So why does the Quattro 7.7 land in 7th place on our list? We think it falls short is eagerness to turn at slower speeds. It’s a nicely built ski that does well if you’re moving at a good pace, but it seems caught in-between a beginner and intermediate construction, and isn’t as easy to learn with for true beginners. The Experience 77 is $50 more, but a superior ski overall and the better option to take you from a beginner to intermediate skillset.
See the Blizzard Quattro 7.7
Turning radius: 23m
What we like: Fun introduction to a freeride design.
What we don’t: A little too soft and wide for frontside only use.
Women’s: Rossignol Sassy 7 w/Look Xpress 11 Bindings
Rossignol’s 7 Series of skis—highlighted by the Soul 7 HD—is among the most popular on the market today. Their wide, flashy designs are great for folks that spend a good amount of time off trail, but they remain light and playful on a groomed run. The $750 Soul 7 gets the most attention, but their $400 entry-level Smash 7 is the best for the lightweight beginner. You clearly give up a lot in performance, but the Smash offers a fun freeride experience.
At 92 millimeters in the waist and with only 50% camber underfoot, the ski is clearly tuned for soft snow. And its extremely wide turning radius makes it lazy on hardpack. On the other hand, the long rockered tip is easy to turn and it can cruise a groomed run just fine. As a value option for those wanting to explore the whole mountain, it’s a total winner. And as a nice bonus, Rossignol includes the same bindings as our top-rated Experience 77 ski but at a significant discount.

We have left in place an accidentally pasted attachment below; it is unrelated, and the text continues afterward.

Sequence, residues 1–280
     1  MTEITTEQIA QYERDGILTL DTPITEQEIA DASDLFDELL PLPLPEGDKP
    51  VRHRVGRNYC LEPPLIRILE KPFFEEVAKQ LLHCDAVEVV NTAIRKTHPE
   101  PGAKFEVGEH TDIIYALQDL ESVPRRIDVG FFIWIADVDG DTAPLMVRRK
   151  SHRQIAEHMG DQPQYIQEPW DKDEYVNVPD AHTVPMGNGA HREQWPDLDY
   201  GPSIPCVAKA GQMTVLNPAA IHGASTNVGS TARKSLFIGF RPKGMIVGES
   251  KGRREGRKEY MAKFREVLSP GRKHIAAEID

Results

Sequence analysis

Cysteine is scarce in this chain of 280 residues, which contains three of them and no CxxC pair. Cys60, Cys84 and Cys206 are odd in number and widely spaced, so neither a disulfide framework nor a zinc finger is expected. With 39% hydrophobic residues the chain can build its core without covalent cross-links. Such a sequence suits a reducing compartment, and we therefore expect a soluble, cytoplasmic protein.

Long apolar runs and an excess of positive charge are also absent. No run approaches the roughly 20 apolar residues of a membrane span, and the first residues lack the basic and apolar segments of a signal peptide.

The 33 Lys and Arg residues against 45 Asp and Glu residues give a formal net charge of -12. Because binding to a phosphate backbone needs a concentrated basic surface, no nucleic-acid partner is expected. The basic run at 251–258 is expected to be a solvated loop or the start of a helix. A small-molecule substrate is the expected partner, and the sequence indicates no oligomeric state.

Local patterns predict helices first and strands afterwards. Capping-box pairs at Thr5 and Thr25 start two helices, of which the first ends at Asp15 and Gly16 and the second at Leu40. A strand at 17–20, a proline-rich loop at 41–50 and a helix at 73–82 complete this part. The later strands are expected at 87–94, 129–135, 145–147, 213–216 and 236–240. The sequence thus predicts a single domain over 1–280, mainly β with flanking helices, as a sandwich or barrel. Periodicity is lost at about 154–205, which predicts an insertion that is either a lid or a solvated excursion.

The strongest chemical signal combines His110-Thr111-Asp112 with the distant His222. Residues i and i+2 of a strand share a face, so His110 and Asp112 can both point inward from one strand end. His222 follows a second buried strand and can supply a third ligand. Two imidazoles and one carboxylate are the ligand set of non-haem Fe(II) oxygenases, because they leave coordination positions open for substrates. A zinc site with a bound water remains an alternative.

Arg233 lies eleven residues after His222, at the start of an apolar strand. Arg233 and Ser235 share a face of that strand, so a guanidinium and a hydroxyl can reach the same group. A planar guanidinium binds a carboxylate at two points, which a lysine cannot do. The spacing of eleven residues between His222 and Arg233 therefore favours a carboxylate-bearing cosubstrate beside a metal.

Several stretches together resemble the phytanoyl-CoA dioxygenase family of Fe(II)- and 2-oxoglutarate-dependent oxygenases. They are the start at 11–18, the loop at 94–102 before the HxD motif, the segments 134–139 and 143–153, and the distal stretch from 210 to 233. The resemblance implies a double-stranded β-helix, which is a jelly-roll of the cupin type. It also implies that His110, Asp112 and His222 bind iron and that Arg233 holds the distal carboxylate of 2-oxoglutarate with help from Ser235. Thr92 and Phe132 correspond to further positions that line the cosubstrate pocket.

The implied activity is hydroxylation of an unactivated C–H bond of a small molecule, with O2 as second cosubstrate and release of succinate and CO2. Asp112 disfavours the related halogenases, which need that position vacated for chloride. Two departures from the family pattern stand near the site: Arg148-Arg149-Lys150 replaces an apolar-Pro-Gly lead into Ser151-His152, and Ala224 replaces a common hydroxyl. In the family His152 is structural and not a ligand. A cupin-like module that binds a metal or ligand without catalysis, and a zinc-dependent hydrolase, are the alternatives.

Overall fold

See the Rossignol Smash 7
Turning radius: 16.2m
What we like: Extra width for soft snow.
What we don’t: The Line and Nordica are better for the beginner.
Women’s: Salomon QST 92 Lux
The Salomon QST 92 represents the next step up in performance from the Nordica Soul Rider and Line Supernatural above. And it’s not just in dimensions—although the QST does afford you another 5 to 6 millimeters in width for flotation—but also in ability level. Realistically, it’s best for someone that’s already been on skis and has already begun to feel comfortable on the hill. It’s just too wide and stiff for the green runs.
Once you start exploring more of the mountain, the QST 92 shines. It’s stable, fun when you push it, and a decent value for its construction at $500. But it lands lower on our list because it’ll come up short for most beginners. If you plan to head straight to powder, get the Volkl’s below, and we think the Nordica and Line’s above are the better designs for someone that’s just starting out. And while it’s clearly a better ski overall than the Smash 7 that beats it on the list, it’ll cost you another $250 with bindings, which is why we have it here.
See the Salomon QST 92
Turning radius: 20m
What we like: Great pop and easy to handle.
What we don’t: Flexy and too light.
It may come as a surprise that a park ski makes our list, but the K2 Press is light and easy to handle for true beginners. The ski is very soft in the tip and tail for generating good pop off of jumps, which translates to smooth and easy transitions between turns. Throw on a pair of decent bindings and you have a full system for under $500 (not including the cost of mounting the bindings).
The primary downside of such a light and flexy construction is that it’ll feel flimsy for heavy and powerful skiers. And while it’s easy to turn, the ski prefers wide sweeping turns and won’t provide a lot of grip once it gets on an edge. Its limited performance potential puts it near the bottom of our list, but if you want to go straight to the terrain park, the K2 Press is a nice option.
See the K2 Press Skis
Turning radius: 17.9m
What we like: A true all-mountain design.
What we don’t: Too much ski for most.
Women’s: Volkl 90Eight